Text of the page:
How to Pack Your Backpack

The first time you go backpacking you inevitably end up with things you never use and others that you left at home but wish you hadn’t. Below are a few tips I picked up along the way:

#1. Combination locks

Hostels generally provide lockers for you to keep your valuables safe. This is great for peace of mind so that you can go out for the day and not continuously worrying that your passport has also gone walkabout. You don’t really want a padlock with a key in case you lose it but a combination lock solves this worry as well. Just don’t forget the code.

#2. Guidebooks

They can be on the pricey side but they’ll prove invaluable when you’re stuck for ideas; they’re great for suggesting activities other than the typical sightseeing ideas (although these are good too). Investing in one which comes with useful phrases is helpful if you’re in a country where you don’t speak the native language. It’s always nice to be able to say a few words. It’s also helpful when you’re trying to decipher a menu!

This blog post was actually written for one of my old blogs, based on what I packed for my gap year in 2010. Nowadays, you can get lots of inspiration from travel blogs instead of guidebooks and so can save some room in your bag! Having said that, I do still love books. 

#3. Spork

A spork can also come with a knife bit too. They’re great for camping and hostels don’t always provide cutlery so this ensures that you will always be able to eat that delicious dinner you have of course cooked.

#4. Journal and some glue

Keeping a record of your time away is a lovely thing to look back on. It’s also a really useful way of stashing all the leaflets, wristbands, tickets etc. that you’ll end up collecting along the way and want to keep as souvenirs.

 #5. Camera with AA batteries.

There’s nothing worse than finding that perfect shot and then having your camera die on you. Keeping a couple of new batteries on you at all times means that you’ll never miss that shot. It’s also pretty handy when you find yourself in an area where it is not convenient to charge up all your appliances.

 #6. An actual iPod.

This may sound obvious but, going with the ‘no wires’ theory, I invested a whole £3 in a mp3 player that took an AAA battery. Let me tell you what I learnt- uploading songs not using iTunes is a nightmare. Treat yourself to the cheapest iPod you can find- if you’re worried about losing your nice one- or upload a selection onto your phone, although make sure the battery is not going to die. You’ll be grateful for the multitude of tunes when you’re stuck on a bus journey for 10 hours. I know I would have been…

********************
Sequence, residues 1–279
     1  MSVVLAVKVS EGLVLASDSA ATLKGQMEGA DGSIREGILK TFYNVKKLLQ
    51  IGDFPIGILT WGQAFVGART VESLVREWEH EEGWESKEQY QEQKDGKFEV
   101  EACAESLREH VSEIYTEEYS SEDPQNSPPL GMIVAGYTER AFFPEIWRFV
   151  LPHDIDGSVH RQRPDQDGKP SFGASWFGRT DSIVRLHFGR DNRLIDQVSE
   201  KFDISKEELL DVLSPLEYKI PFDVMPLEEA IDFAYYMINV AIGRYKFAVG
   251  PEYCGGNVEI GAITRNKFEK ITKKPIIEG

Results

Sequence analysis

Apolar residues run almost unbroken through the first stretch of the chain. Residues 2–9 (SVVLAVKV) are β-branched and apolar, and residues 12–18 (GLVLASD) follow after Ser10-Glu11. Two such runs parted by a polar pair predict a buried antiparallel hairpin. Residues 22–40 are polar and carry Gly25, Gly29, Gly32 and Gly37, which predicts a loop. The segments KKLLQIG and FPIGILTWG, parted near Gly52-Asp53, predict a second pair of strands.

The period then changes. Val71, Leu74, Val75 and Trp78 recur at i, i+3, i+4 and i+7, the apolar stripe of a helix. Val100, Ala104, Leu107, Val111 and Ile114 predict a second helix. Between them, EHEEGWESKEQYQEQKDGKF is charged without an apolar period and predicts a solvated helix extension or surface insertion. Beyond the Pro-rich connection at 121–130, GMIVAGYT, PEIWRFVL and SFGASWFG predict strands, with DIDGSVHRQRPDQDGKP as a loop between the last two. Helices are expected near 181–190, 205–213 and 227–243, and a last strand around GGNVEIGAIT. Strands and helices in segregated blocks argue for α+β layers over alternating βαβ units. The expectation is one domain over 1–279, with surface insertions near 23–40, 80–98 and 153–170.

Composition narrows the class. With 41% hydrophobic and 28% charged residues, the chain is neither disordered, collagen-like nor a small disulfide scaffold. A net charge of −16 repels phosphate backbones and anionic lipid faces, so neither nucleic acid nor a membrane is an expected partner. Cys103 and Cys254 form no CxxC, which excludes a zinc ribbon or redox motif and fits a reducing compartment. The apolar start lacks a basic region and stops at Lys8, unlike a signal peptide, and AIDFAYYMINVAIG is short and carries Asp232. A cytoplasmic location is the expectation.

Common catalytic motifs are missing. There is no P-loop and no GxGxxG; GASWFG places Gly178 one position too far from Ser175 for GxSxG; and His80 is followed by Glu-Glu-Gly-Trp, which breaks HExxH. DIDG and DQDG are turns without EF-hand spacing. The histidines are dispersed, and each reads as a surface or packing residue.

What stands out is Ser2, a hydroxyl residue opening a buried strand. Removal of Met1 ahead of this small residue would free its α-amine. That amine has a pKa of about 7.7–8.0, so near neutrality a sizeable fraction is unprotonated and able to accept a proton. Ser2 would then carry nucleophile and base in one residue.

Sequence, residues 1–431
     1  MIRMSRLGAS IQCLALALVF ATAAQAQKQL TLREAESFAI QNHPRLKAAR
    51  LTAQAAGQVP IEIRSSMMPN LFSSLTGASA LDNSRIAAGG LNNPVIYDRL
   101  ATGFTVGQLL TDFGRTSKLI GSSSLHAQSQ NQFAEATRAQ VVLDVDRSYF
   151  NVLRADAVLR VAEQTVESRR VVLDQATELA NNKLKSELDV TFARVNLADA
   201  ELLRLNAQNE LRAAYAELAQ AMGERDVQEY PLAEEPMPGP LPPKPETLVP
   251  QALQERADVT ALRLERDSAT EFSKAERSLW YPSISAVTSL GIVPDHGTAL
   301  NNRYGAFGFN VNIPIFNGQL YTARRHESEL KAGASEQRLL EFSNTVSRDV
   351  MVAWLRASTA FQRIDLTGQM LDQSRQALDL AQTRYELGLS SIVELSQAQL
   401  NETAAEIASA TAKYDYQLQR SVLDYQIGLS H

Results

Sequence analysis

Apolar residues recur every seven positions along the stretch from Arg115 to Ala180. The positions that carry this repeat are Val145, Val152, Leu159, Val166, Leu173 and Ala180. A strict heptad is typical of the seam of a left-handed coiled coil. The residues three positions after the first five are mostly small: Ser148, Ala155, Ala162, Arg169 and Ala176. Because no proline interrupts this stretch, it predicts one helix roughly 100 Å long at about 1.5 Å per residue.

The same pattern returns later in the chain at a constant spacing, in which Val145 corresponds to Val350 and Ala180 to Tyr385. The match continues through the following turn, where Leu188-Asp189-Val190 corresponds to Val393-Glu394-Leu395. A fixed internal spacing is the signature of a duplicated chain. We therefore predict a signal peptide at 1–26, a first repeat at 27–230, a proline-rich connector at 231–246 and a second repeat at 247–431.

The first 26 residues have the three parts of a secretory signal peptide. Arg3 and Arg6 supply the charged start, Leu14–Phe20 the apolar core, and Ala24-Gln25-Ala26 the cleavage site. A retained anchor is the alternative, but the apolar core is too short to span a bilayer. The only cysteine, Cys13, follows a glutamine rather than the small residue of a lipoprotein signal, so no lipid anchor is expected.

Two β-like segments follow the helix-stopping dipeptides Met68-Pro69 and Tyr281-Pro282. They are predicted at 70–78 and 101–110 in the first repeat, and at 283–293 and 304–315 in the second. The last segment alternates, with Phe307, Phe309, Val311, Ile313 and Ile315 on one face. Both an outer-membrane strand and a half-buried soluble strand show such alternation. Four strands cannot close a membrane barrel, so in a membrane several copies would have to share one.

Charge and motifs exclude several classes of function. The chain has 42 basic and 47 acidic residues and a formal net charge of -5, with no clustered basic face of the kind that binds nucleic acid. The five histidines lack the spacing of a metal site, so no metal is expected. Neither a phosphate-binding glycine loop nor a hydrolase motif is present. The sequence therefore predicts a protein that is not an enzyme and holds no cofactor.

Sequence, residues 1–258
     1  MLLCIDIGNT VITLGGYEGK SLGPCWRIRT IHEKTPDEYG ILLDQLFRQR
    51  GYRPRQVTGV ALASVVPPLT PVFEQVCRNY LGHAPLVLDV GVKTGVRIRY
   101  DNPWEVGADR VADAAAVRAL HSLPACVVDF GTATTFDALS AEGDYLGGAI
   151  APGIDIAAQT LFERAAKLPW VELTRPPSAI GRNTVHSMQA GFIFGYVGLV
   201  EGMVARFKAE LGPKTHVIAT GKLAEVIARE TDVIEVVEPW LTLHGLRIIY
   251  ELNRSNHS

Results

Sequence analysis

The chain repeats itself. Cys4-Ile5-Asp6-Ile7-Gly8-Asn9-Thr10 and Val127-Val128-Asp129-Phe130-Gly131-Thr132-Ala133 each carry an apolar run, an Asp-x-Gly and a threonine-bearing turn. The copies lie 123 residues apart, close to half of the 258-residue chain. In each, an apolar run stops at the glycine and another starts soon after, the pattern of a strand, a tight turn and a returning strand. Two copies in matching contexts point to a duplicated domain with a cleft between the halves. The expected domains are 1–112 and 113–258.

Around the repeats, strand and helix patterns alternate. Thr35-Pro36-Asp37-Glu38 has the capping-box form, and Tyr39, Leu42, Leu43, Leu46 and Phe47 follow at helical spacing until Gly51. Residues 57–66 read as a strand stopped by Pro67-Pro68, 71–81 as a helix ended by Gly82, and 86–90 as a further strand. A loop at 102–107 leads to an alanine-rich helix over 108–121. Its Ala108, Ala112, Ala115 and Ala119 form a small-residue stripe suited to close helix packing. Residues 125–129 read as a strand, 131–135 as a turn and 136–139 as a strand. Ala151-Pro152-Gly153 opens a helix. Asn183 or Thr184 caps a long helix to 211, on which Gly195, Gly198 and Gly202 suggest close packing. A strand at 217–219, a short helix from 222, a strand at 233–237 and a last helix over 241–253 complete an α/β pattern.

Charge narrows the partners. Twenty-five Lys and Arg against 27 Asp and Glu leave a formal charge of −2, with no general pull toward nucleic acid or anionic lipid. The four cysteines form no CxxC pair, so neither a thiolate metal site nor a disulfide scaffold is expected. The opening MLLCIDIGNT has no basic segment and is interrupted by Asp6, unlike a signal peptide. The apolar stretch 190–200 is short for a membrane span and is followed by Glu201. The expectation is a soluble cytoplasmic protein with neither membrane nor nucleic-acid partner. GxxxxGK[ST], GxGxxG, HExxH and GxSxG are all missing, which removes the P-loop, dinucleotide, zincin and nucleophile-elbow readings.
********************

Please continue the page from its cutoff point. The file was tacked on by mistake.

#7. Smartphone

Again this might be obvious but I got a bit paranoid about losing stuff when I was away so I invested in a standard, plain, simple Nokia. It was a great phone and Nokia is one of the most reliable brands I have used but it turned out that having wifi access would have been a great advantage. A lot of places offer free wifi which I couldn’t make use of and so I inevitably spent a lot of money on internet.

#8. Aloe vera cream/gel

In the interest of packing light, this acts as both a moisturiser as well as an after-sun- which chances are you’ll need. You don’t want your skin becoming too dry and flaky.

#9. Jeggings

One for the girls. At first, I decided I was going to need a lot of stereotypical, lightweight (typically beige) travelling clothes that packed down small, acted as a mosquito shield and had many pockets for storing lots of things. However, after realising that for my particular trip I didn’t need specialist clothing, I still wanted a quick-drying alternative to jeans. Jeggings pack down much better and they look pretty much the same. If you are between climates, they are thinner when it’s warm and you can easily wear tights underneath when it’s chilly. Also, try not to bring any clothing you wouldn’t be happy to throw away- you will want more space for shopping.

 #10. Fold-up pumps

Another one for the girls. On a night out you are going to want an alternative to your everyday, hard-wearing shoes. These are easily stuffed down the side of your bag and although mine were not the most well fitted shoes, they were fine for a night out.

#11. Gladiator sandals

Continuing on the shoes theme, my gladiators were brilliant. If you don’t need hiking sandals then these are more comfortable than flip flops and hold onto your feet well. Having said that, if you’re visiting temples wear flip-flops; undoing and redoing the straps continuously was a nightmare. Sadly, after they did so well for so long, I destroyed mine when I decided they were appropriate footwear for tubing. They were not.

#12. Wheelie bag

The best thing I learnt was that if you don’t need a backpack then don’t bring one! I had a wheelie bag as my trip was ultimately a string of city breaks. Whilst others lagged, dragging their bags across town, I was at my leisure to take in the sights. My bag actually had wheels as well as zip-away straps which I highly recommend. In places like Vietnam, a wheelie bag can be problematic. The roads are packed with scooters and the pavements are filled with parked ones. This means that maneuvering is much easier with your bag on your back. But for places like New Zealand, Australia, America, Europe etc. wheels were the way forward. There is a kind of stigma attached to ‘flash-packing’ and something about backpacking that’s credible, but I got the straps out at some point, so that counts.


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